Overall, the statistics in the report point to reasonable progress on most parameters in the ongoing fiscal. For example, coal and power, which are two of the eight core industries in the Index for Industrial Production, posted an increase of 7.7 per cent and 10.4 per cent respectively during April to September 2015, as compared to 4.2 per cent and 4.1 per cent respectively in the same period in the previous year. Capacity additions in conventional power, renewables and transmission, as well as coal production by public coal mining companies, have now reached the halfway mark of this year’s targets. In terms of rural electrification, the statistics in the report state that around 70 per cent of the target has been achieved for the current fiscal. Regarding the Power for All scheme, which was announced late last year, the report states that eight states are already on board to participate. On the renewables front, the blueprint for achieving the steep 175 GW target is now ready, with NITI Aayog submitting its report recently. Also, in what indicates the government’s keenness to fast-track projects, the report states that 21 energy projects (13 power, six coal and two renewables) out of 62 infrastructure projects have been reviewed by the prime minister.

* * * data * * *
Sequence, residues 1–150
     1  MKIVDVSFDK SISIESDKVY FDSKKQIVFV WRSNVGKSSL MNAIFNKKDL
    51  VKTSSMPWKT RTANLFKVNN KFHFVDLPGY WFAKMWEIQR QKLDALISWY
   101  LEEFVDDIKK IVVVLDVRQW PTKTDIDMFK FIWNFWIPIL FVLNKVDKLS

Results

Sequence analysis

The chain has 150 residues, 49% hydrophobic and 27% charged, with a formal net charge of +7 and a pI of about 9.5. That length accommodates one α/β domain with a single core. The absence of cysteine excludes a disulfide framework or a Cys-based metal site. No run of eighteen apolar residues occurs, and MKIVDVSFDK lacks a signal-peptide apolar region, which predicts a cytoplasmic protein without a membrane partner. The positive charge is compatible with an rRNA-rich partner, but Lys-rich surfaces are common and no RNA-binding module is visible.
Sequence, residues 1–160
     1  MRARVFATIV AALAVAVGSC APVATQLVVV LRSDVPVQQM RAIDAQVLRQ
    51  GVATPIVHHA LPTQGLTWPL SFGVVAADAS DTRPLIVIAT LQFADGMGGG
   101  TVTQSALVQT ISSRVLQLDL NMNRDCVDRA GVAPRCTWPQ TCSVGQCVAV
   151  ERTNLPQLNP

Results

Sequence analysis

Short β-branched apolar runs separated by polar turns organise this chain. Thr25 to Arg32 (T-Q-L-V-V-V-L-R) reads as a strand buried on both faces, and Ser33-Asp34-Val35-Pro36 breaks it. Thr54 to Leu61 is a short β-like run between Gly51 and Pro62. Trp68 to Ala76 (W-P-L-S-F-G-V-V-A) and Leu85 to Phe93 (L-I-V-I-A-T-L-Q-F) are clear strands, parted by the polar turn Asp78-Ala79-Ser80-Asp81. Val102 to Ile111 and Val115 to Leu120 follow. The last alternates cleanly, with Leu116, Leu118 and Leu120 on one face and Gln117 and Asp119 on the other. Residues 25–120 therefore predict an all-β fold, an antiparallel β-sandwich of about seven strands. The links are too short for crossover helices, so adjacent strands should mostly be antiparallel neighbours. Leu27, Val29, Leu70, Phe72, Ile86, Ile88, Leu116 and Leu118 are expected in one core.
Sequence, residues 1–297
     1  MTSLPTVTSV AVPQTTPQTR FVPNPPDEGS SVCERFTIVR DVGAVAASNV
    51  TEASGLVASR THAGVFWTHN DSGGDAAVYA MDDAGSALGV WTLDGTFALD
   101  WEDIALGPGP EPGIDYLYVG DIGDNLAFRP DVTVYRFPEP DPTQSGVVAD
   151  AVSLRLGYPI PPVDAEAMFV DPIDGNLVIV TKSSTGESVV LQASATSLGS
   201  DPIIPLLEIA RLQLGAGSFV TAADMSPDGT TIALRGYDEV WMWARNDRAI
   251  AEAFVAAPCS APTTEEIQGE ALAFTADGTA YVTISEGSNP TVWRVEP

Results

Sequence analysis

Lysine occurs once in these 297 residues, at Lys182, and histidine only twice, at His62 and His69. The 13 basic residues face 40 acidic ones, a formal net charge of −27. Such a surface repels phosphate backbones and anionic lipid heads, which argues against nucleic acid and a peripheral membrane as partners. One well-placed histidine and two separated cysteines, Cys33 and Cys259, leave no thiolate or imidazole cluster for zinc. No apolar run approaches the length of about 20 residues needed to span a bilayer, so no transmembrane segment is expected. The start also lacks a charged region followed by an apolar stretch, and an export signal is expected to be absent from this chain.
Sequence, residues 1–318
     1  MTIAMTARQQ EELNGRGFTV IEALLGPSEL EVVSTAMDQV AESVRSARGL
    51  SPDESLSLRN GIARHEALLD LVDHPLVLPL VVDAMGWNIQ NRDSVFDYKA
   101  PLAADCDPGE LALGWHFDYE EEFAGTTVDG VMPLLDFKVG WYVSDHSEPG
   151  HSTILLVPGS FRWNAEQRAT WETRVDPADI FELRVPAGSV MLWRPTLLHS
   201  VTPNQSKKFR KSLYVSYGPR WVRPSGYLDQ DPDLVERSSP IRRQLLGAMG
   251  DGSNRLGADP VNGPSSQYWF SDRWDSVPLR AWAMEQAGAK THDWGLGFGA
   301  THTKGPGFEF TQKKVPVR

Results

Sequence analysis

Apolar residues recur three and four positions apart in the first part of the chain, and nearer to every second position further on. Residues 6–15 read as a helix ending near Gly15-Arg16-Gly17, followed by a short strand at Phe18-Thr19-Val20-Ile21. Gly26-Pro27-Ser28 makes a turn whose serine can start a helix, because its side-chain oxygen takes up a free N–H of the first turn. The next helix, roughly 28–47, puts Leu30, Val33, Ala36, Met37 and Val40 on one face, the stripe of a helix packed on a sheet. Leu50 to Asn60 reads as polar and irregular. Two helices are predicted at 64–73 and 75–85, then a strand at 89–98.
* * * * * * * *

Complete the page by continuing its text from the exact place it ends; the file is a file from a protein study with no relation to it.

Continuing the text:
The following is a brief look at the progress of the power sector in the first half of the current fiscal year based on the NITI Aayog report…
For 2015-16, the capacity addition target was set at 20,037 MW, of which 41 per cent has been achieved so far. Of this, around 3,280 MW was added in the first quarter (till June) and another 4,916 MW by October 2015. The power generation target set for 2015-16 is 1,137 MUs, which is around 11 per cent higher than that for 2014-15. More than 57 per cent of this target had been achieved till October 2015. A transmission line length of 17,156 ckt. km was added, against a target of 23,712 ckt. km, which is nearly 72 per cent of the target.